Christopher Pinkham, president of the Maine Bankers Association, has five main things on his mind as 2015 closes out and we move into the new year.
From his office in the Maine Historical Society building on Congress Street in Portland, he recently shared his views with Mainebiz on the state of banking in Maine, and his top five priorities going forward. An edited transcript follows.
Mainebiz: How do you think banks are doing now compared to 2008?
Christopher Pinkham: People were vilifying the banking industry for the past 7-9 years. We used to be seen as helpful. We were partners. Now we're public enemy No. 1. So there's interest in attracting millennials who will need financial guidance. Also, we are seeing our age demographics at banks reflective of the state. There are 9,100 employees in Maine banks. A lot are 55 or older, so that will open up more opportunities for jobs in the future, including in information technology.
There are 31 retail banks in the state of Maine. Of those, there are 26 that are Maine-headquartered [including the recent Camden National/Bank of Maine merger.] Their footings [assets] are about $25 billion. We know that all the banks collectively in Maine have 501 retail locations, which means we cover every corner of the state.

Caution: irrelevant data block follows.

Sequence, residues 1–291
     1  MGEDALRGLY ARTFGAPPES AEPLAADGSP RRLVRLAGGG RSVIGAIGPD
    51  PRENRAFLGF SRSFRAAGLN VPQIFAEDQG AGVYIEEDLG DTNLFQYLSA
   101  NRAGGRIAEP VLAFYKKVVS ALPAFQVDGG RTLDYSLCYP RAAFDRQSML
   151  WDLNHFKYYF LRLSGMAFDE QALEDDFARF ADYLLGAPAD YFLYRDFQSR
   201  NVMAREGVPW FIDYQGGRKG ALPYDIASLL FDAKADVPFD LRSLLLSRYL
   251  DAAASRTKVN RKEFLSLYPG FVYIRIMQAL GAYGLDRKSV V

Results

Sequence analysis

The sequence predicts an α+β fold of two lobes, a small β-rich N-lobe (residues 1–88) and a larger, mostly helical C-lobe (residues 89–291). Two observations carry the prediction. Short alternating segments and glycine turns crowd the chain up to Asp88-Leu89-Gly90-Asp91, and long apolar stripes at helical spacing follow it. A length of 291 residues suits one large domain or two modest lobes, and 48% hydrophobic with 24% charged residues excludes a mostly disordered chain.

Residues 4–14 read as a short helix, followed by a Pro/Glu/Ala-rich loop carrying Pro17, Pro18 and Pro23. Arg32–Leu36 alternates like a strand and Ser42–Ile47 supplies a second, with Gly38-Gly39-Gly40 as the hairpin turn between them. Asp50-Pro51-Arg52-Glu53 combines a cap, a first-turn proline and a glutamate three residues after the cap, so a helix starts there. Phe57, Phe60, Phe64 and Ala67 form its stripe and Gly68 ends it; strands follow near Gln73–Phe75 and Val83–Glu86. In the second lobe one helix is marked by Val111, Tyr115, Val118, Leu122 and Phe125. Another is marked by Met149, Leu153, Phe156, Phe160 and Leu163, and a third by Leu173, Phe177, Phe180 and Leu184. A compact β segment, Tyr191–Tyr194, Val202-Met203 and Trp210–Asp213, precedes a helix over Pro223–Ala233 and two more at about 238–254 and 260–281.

MB: Do you think the passage of the Dodd-Frank Wall Street Reform and Consumer Protection Act in 2010 accomplished what it set out to do?
CP: The standards by which we do any kind of lending have dramatically changed, because prior to Dodd-Frank, the regulated industry, namely the banks, were basically sound underwriters. And then there were the other 50% to 60% of the loans made by the unregulated industry, the mortgage brokers, online borrowing companies, in some ways the companies that were built and designed to circumvent the banking system. They were supposed to follow federal rules but there was no enforcement. So after the mess of 2008 and 2009, Dodd-Frank was passed and we slowly have rolled out some 20,000 pages of regulations. We're only half-way there. It is to benefit consumers, but more importantly it's to create a level playing field.